Jane Burrows and her class show off their Halloween costumes. Whistler Question Collection, 1980.

Tapley’s Farm has been a popular place to spend Halloween since the 1980s.  What had begun as an idea in a real estate office in 1979 had (with a lot of hard work) become a neighbourhood by the mid-1980s.

According to Francois Lepine, this neighbourhood was different from other subdivisions in Whistler in that, “It was the only subdivision that looked exactly the same on a Saturday night or a Wednesday night.”

John Robinson puts final touches on his MDC home with help of wife Diane and daughter Kristal.  Whistler Question Collection, 1983.

Tapley’s was lived in by full-time residents, while other subdivisions had a mix of residents and second-home owners.  This made Tapley’s Farm an ideal area for trick or treating.

Like most traditions in Whistler, Halloween in Tapley’s began as an unofficial neighbourhood event.  In 1985, the decision was made to close the streets to cars during the evening so that kids could trick or treat without worry.  This was so successful that the neighbours continued putting up roadblocks and families from other subdivisions came and joined in the fun.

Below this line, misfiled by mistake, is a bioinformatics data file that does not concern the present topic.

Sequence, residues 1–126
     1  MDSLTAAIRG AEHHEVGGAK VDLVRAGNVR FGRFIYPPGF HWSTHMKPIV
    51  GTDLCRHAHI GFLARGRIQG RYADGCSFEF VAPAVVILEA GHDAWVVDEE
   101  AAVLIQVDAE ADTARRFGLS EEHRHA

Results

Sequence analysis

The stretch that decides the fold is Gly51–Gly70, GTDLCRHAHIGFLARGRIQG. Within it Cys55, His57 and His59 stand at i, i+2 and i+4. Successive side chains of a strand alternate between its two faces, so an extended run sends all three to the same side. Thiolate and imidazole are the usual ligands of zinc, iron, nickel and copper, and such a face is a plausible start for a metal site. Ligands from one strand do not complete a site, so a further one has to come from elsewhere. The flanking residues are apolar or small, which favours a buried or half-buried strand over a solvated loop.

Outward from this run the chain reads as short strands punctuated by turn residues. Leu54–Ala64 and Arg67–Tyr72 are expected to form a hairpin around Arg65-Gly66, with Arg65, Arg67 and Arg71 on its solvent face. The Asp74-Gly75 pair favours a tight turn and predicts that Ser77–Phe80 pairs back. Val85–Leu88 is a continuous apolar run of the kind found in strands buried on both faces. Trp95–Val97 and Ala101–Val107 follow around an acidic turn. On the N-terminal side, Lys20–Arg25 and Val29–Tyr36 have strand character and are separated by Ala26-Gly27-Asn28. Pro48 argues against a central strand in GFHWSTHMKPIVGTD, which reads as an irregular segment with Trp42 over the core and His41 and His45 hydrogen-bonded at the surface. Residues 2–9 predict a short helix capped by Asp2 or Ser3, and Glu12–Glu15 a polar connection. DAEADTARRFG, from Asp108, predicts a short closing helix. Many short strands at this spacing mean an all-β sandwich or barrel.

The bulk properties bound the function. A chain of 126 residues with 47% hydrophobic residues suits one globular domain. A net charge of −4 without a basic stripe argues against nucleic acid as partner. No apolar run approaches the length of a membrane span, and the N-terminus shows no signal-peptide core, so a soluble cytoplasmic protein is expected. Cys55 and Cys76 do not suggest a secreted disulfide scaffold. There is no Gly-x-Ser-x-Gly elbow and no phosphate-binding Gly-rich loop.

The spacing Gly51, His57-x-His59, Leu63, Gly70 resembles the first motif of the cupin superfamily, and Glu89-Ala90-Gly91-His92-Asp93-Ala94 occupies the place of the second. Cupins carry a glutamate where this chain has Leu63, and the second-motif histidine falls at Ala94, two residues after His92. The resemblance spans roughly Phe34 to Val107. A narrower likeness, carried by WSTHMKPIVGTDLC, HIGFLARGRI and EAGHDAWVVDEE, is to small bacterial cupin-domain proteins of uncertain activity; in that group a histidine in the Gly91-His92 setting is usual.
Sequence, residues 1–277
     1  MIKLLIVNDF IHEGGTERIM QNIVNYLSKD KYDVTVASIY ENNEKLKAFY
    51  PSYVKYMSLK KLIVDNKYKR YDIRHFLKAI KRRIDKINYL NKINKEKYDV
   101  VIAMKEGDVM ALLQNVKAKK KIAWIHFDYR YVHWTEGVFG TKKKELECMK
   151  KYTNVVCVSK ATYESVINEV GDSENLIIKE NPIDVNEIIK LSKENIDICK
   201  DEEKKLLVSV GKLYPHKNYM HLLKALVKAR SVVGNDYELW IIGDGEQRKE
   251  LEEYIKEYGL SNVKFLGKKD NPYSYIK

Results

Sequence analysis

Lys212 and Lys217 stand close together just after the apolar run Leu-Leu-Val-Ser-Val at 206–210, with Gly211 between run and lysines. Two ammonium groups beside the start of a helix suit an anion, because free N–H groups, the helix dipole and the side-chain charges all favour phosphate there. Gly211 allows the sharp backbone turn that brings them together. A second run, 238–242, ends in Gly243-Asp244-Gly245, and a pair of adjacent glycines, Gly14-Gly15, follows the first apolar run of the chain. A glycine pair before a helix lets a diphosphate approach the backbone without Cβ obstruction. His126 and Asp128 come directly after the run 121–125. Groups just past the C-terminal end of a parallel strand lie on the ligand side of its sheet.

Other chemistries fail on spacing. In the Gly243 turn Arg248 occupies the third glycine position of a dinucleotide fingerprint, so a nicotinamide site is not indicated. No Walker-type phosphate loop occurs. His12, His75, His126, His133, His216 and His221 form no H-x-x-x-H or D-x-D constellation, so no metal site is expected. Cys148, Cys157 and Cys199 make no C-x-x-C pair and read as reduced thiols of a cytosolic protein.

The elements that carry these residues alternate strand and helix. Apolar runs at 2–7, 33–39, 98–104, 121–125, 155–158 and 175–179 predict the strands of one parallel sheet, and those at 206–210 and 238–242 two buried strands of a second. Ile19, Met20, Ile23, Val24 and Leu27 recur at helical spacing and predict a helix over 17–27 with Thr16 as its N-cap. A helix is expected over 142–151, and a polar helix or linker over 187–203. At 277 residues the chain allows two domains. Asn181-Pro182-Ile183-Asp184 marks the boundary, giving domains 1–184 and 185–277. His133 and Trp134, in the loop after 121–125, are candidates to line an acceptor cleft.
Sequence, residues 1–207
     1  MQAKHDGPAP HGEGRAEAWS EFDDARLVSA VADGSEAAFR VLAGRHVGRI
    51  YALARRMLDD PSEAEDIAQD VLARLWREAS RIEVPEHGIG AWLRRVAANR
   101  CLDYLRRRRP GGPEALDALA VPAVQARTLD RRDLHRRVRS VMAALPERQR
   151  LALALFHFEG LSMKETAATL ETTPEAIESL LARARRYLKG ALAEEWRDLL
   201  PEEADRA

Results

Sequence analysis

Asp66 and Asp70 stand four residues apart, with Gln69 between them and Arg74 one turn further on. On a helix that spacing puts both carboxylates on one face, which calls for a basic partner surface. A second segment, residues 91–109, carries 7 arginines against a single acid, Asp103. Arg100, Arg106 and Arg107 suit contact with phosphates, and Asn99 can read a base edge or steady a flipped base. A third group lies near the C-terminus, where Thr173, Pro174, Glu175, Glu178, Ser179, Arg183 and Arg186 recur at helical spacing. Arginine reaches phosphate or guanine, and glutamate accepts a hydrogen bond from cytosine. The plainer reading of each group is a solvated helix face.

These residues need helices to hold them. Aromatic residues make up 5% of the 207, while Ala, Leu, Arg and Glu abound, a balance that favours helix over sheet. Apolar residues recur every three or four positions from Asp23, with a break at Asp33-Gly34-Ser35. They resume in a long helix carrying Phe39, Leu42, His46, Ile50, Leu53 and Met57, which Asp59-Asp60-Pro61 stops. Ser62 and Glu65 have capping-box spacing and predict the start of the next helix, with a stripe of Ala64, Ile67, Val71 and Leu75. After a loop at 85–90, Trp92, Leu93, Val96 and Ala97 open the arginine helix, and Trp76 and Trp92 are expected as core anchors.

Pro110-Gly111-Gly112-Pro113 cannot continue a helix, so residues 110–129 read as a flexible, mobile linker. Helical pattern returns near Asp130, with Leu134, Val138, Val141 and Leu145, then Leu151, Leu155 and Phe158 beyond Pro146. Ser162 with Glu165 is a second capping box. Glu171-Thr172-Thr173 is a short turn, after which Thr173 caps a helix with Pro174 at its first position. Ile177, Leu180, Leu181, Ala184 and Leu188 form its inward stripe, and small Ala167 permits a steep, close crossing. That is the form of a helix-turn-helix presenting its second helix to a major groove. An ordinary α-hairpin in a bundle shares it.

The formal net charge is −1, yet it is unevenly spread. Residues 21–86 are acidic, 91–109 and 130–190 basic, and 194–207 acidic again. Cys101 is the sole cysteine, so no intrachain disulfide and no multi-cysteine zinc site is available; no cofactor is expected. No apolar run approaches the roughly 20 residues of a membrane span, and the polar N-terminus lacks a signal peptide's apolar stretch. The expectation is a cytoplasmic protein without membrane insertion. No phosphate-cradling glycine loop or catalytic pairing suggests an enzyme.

Houses received more than 100 trick or treaters in 1986, and Lee Bennett, a Tapley’s resident who organized the event in 1987, expected about 125 as the populations of the valley grew.  By this time, donations of candy were sought from those bringing their kids to the neighbourhood to lessen the cost for residents of Tapley’s.

Donated candy is sorted and then distributed throughout Tapley’s Farm. Whistler Question Collection, 1994.

Bennett attributed the popularity of Tapley’s to both the proportion of occupied houses and the layout of the houses.  As she told The Whistler Question, “They also don’t have to climb 100 stairs like in some other subdivisions.  It’s easy for the children to get around.”